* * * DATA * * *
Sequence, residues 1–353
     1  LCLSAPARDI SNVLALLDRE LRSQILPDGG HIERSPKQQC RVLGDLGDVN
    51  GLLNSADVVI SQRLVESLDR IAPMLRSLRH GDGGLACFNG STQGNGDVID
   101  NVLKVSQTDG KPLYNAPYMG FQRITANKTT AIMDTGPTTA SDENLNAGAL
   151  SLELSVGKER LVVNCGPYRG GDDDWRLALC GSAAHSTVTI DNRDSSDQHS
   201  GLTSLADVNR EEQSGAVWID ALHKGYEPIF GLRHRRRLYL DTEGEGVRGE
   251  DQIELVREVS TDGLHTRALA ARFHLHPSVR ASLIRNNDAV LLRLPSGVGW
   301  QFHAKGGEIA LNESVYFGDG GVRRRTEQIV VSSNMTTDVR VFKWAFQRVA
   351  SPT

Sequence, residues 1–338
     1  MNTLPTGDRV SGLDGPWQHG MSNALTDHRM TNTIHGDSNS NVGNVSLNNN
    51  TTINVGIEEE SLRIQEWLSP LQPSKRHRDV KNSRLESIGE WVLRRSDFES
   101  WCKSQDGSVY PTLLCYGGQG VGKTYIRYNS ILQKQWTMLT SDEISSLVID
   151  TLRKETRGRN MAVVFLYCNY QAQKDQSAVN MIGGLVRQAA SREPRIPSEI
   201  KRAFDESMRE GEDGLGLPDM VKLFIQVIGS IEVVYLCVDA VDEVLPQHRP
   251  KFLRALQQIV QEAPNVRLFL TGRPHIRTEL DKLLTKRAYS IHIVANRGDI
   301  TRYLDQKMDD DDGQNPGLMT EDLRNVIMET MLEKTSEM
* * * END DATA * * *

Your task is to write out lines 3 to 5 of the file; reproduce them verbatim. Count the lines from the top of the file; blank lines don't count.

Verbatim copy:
    51  GLLNSADVVI SQRLVESLDR IAPMLRSLRH GDGGLACFNG STQGNGDVID
   101  NVLKVSQTDG KPLYNAPYMG FQRITANKTT AIMDTGPTTA SDENLNAGAL
   151  SLELSVGKER LVVNCGPYRG GDDDWRLALC GSAAHSTVTI DNRDSSDQHS